Nov 10, 2011 (CIDRAP News) – The US Food and Drug Administration (FDA) has denied a pair of long-pending petitions from consumer and other groups to limit the use of several antibiotics in farm animals, saying a voluntary approach the agency proposed last year will lead to more "judicious use" of the drugs in agriculture.
The petitions were filed in 1999 and 2005 by the Center for Science in the Public Interest (CSPI) along with several environmental and medical organizations. They asked the FDA to cancel its approval of the "herdwide and flockwide" uses of several classes of antibiotics for promoting growth and preventing disease (in the absence of existing disease) in chickens, swine, and beef cattle, out of concern that such use will spur resistance and reduce the drugs' effectiveness in humans.
The petitioners have voiced disappointment with the FDA action, saying the agency's voluntary approach won't work.
In separate letters denying the two petitions, the FDA said the legal process necessary to withdraw approval of a drug is expensive and slow and that the voluntary strategy the agency unveiled in 2010 should lead to improved use of the antibiotics in food animals.
"FDA believes that the strategy set out in draft guidance #209 is a pathway to achieving the same goals as those advanced by your organization, i.e., judicious use of medically-important antimicrobials," wrote Leslie Kux, FDA acting assistant commissioner for policy, in the denial of the 2005 petition.
"Additionally, given the considerable amount of agency resources that are required to pursue withdrawal proceedings, we believe the current proposed approach will accomplish these goals in a more timely and resource-efficient manner than would otherwise be the case," she added.
To cancel approval of a drug, the FDA must follow a number of statutory requirements, including holding a formal evidentiary hearing, the letter says. It took 7 years to withdraw diethylstilbestrol in the 1970s, and the recent withdrawal of enrofloxacin use in poultry took 5 years and cost the FDA $3.3 million, Kux wrote.
The agency proposed draft guidance for achieving "judicious use" in June 2010. The guidance essentially says that antibiotic use in food animals should be limited to what is necessary for ensuring animal health and should take place under veterinary oversight, the letter notes.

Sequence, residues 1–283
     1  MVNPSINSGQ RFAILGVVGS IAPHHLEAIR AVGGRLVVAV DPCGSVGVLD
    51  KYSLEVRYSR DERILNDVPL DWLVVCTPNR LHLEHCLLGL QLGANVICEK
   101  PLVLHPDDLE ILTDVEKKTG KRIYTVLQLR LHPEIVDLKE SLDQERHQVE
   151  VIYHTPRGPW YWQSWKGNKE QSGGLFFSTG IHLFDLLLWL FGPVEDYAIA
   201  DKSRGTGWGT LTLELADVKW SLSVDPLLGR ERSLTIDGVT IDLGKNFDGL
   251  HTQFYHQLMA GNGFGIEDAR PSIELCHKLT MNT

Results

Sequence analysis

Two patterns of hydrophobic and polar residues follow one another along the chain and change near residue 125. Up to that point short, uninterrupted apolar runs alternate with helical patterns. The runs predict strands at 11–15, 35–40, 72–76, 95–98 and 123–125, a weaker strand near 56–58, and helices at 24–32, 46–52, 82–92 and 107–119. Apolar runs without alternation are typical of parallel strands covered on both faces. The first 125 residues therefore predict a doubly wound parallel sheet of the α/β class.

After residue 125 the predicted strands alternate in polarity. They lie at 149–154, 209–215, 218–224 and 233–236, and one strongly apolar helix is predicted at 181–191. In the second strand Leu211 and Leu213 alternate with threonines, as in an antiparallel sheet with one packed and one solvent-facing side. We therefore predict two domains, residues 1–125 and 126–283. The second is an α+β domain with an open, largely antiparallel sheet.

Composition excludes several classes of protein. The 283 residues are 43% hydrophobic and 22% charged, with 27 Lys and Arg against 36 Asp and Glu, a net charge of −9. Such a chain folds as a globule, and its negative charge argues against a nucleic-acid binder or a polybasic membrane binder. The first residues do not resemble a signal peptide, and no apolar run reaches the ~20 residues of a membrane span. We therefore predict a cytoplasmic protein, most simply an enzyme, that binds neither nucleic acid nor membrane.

"Based on feedback this Agency has received following the issuance of draft GFI #209, FDA believes the animal pharmaceutical industry is generally responsive to the prospect of working cooperatively with the agency to implement the principles recommended in draft GFI #209," Kux wrote. She said the FDA hopes that with this approach, it will manage to "transition medically important antimicrobials currently approved for over the counter use in food-producing animals to a marketing status that involves veterinary oversight."
The drugs and classes cited in the denial of the 2005 petition are penicillins, tetracyclines, aminoglycosides, streptogramins, macrolides, lincomycin, and sulfonamides.
CSPI expressed disappointment in the FDA's action. Michael Jacobson, CSPI's executive director, said in a statement yesterday that the industry's use of antibiotics in livestock is irresponsible and increases the prevalence of antibiotic-resistant pathogens that can be difficult or impossible to treat in humans.
"The industry has long failed to cooperate voluntarily, and the FDA should take binding action," Jacobson said. "Consumers cannot afford another decade of delay."
Other groups that had signed onto the petition included the Environmental Defense Fund, the American Academy of Pediatrics, the American Public Health Association, Food Animal Concerns Trust (FACT), and the Union of Concerned Scientists.
In a statement yesterday responding to the FDA's denial, FACT said the agency did not challenge the need to reduce antibiotic use, but argued that withdrawing them would be too expensive. Steven Roach, public health program director at FACT, said in the statement that the FDA is waiting for the drug companies to do voluntarily what the agency is legally mandated to do.
"There is absolutely no reason to believe that drug companies will voluntarily reduce sales of antibiotics and act against their own financial self-interest, he said. "Without reductions in antibiotics used, it is impossible for there to be any public health benefit."
FACT said it supports proposed federal legislation that would require the FDA to address nontherapeutic antibiotic use and make it easier for the FDA to withdraw animal antibiotics that are unsafe from an antibiotic resistance vantage point.
Rep Louise Slaughter, D-N.Y., a microbiologist who authored the Preservation of Antibiotics for Medical Treatment Act cited by FACT, said last week that new FDA numbers on the rate of antibiotic use in agriculture—up 6.7% from 2009 to 2010—show the problem is getting worse.
"The FDA needs to take common sense steps to reduce the needless use of antibiotics in healthy animals, and protect human beings," she said in the statement.
Nov 9 CSPI statement
Nov 2 Rep Slaughter statement
Jun 28, 2010, CIDRAP News story "FDA draft proposal looks to limit farm antibiotics"